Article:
There are hundreds of books on the market that tackle the topics of love, relationships, singleness, developing a self, and intimacy. Perhaps so many, that you may be wondering where to begin if you are interested in learning more about God’s design for marriage, how to be in healthy relationships with other people, and what God says about living and loving from a place of freedom.
The following are some books that we have read and have found very helpful in our journey to know God more and honor Him in the way that we live our lives individually and in relationships with others.
1. Boundaries: When to Say Yes, How to Say No, to Take Control of Your Life by John Townsend and Henry Cloud
This is one of the best books I’ve ever read! A few years ago, it seemed my life was spinning out of control. I was completely exhausted, unable to say no, had no idea how operate from a principled place, take ownership for the things in my life, or set up appropriate boundaries with those with whom I was in relationship. In learning more about this subject, I understand more the concept of “keeping my side of the street clean” and letting those around me be responsible for their own behavior. Setting appropriate boundaries gets me out of the role of always trying to control, which has transformed my marriage, friendships, and parenting! This book tackles topics such as codependence; boundaries in marriage, friendships, and parenting; confrontations and conflict; boundaries within families, people pleasing, and living a life of freedom. It also answers the questions:
- Can I set limits and still be a loving person?
- What are legitimate boundaries?
- What if someone is upset or hurt by my boundaries?
- Why do I feel guilty or afraid when I consider setting boundaries?
- How do boundaries relate to submission?
- Aren’t boundaries selfish?
For a brief overview of boundaries, this is a great article: http://www.cloudtownsend.com/articles/scoop-on-boundaries/
2. Sacred Marriage by Gary Thomas
What if God designed marriage to make us holy more than to make us happy?
That would mean my trials could be used to draw me closer to God, my struggles can grow my character, and my purely romantic view of marriage is incorrect.
As Katherine Anne Porter, a Pulitzer Prize winning American journalist put it, “Marriage is the merciless revealer, the great white searchlight turned on the darkest places of human nature”.
This was my first introduction to the fact that what occurs in my marriage is largely about making me more like Jesus. It was also a challenge for me to learn how to love like Christ loves. I recommend this book to single and married men or women. I would also recommend it to older teenagers as they begin to contemplate the complex and often misunderstood reason God gave us the institution of marriage.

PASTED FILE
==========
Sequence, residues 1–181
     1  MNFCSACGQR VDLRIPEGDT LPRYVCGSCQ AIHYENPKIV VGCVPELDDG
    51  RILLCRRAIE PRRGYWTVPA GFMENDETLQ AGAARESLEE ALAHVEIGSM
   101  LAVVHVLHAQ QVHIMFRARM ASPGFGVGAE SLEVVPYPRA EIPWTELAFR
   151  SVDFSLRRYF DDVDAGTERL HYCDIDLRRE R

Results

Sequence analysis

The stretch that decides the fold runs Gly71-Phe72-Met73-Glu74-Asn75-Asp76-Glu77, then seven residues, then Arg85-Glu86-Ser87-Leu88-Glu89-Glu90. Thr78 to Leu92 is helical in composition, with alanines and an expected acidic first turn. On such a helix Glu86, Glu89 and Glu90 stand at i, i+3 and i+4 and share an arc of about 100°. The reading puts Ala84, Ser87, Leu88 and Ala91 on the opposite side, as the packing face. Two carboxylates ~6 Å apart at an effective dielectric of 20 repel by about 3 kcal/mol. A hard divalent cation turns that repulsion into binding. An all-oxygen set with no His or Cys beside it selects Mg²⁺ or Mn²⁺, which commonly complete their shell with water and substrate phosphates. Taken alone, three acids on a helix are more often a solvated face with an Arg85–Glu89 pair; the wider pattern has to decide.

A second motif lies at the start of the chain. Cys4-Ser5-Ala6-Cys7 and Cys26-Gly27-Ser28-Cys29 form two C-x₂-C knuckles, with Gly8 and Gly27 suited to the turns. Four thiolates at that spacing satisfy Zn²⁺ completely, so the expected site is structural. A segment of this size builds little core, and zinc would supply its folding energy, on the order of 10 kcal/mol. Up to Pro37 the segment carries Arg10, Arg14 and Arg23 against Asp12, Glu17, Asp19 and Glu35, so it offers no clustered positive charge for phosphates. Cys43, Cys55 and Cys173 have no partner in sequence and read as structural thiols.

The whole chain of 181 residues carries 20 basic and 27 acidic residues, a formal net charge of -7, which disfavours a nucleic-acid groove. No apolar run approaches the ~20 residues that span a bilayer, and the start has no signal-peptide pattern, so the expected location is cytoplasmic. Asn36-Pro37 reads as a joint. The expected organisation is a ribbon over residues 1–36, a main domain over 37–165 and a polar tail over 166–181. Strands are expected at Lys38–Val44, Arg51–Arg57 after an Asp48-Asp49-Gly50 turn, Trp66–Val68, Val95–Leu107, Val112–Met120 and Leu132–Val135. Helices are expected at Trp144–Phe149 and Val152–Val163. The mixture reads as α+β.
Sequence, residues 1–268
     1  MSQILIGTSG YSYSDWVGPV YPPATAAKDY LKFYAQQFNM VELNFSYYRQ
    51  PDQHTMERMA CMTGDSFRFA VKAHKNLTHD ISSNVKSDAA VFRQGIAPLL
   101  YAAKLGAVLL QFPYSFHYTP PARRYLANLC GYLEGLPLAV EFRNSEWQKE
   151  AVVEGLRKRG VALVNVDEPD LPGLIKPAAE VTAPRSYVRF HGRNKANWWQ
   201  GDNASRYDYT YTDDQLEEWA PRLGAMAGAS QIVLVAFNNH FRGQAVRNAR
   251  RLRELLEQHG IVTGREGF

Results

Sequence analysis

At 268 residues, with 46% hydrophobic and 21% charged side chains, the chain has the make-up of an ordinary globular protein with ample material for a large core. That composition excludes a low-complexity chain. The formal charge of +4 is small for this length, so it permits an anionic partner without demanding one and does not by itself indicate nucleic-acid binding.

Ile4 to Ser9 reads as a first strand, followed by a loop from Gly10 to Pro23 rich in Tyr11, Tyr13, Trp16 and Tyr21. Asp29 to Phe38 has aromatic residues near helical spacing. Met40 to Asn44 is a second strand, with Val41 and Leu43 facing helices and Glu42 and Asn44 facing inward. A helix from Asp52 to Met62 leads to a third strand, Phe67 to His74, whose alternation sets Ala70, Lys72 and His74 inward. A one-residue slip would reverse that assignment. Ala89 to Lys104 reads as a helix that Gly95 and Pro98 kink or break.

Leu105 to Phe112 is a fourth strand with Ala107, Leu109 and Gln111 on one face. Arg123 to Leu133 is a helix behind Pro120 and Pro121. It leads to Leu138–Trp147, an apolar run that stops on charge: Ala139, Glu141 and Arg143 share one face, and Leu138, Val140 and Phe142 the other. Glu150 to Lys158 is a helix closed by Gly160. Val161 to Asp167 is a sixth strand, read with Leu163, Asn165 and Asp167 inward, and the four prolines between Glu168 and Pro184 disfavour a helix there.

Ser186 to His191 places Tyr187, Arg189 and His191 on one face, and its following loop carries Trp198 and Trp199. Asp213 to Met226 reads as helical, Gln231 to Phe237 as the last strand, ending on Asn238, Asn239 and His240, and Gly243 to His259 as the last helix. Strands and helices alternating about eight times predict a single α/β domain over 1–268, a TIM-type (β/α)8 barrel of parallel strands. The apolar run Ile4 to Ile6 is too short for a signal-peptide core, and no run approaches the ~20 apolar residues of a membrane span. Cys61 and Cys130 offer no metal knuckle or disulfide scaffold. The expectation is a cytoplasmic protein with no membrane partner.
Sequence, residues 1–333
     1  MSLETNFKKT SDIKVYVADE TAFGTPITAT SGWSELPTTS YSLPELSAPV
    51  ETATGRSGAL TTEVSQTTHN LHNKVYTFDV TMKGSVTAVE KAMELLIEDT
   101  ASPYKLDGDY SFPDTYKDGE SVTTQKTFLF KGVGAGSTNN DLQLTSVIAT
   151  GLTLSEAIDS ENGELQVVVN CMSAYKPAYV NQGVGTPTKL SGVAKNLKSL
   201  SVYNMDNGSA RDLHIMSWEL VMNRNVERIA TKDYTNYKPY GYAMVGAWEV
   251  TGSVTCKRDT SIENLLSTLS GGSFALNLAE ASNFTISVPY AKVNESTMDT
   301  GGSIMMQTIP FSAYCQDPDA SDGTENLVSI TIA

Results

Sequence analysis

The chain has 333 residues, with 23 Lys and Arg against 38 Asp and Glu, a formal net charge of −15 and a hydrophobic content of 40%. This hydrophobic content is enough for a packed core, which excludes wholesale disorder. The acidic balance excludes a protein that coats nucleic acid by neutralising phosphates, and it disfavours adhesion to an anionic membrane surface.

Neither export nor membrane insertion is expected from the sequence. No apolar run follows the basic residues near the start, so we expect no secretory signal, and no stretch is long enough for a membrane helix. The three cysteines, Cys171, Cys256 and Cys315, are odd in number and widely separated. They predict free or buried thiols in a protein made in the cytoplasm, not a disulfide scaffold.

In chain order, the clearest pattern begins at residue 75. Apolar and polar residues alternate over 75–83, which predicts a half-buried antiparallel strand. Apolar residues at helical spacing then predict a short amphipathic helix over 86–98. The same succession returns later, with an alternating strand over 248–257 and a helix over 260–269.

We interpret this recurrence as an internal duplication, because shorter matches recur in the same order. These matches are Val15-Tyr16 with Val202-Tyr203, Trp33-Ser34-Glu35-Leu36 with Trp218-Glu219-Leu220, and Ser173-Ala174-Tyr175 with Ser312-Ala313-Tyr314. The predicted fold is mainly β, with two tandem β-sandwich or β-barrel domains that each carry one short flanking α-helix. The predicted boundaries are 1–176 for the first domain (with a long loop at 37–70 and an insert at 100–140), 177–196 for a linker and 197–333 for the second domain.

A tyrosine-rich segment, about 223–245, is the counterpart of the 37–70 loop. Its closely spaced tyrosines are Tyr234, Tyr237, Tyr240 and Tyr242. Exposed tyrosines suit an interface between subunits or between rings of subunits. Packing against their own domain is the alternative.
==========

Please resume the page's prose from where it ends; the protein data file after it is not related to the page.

3. The Calvary Road by Roy Hession
Originally published in 1950, this Christian classic is a powerful reminder of how followers of Christ are changed at the foot of the cross. It is not a marriage book, per se, but the author describes the radical relational changes that take place when believers surrender their lives to Christ and learn to live like Him, with humility, sacrifice and love.
4. The Seven Levels of Intimacy: The Art of Loving and the Joy of Being Loved by Matthew Kelly
I have been married for 15 years and still struggle with meaningful intimacy. Until recently, I rarely thought about the word “intimacy” or its implications on my life. Or even what it MEANT. Had you asked me, I probably would have equated the word intimacy with sex. Interestingly, sex does not equal intimacy. They are NOT synonymous. Intimacy is not just physical, nor is it just emotional. It is a mixture of all four aspects of our being: the physical, emotional, intellectual, and spiritual. “Intimacy is sharing the journey to become the best version of ourselves with another person. It is a mutual self-revelation that takes place gradually, cannot be rushed, and can only be realized by the commitment of time.” This book takes you through an explanation and exploration of why it is so important to know yourself. The first and most critical step to achieving intimacy with others is being comfortable with who YOU are. It goes on to define the purpose of a relationship and discusses the seven levels of intimacy.
The Seven Levels of Intimacy Are:
- Cliches (the “how are you, I’m fine” conversations)
- Hopes and Dreams
- Faults, Fears, and Failures
- Legitimate Needs
And I’ll leave you with the title of Chapter 5: The Opposite of Love is Not Hate.
Coming from someone who did not have much childhood modeling of healthy intimacy, this book has begun to change the way I interact with people and how I demonstrate and receive love.
5. Extraordinary Relationships: A New Way of Thinking About Human Interactions by Roberta Gilbert
This book has been described as “a refreshing alternative to self-help approaches”. It addresses the importance of relationships in each of our lives, and how the only way to further develop your relationship is to further develop yourself. This truth plays out in the home, workplace, families, etc. This book is a bit dense, but filled with great information about self and relationships. I have learned a great deal from reading this book that I can apply to all of my relationships, even my relationship with God.
6. The Meaning of Marriage: Facing the Complexities of Commitment with the Wisdom of God by Tim Keller
Keller, with contributions from his wife, writes about a balanced, Biblically-based view of marriage. He offers both God’s purpose and vision for marriage as well as practical applications for honoring Christ through this primary earthly relationship.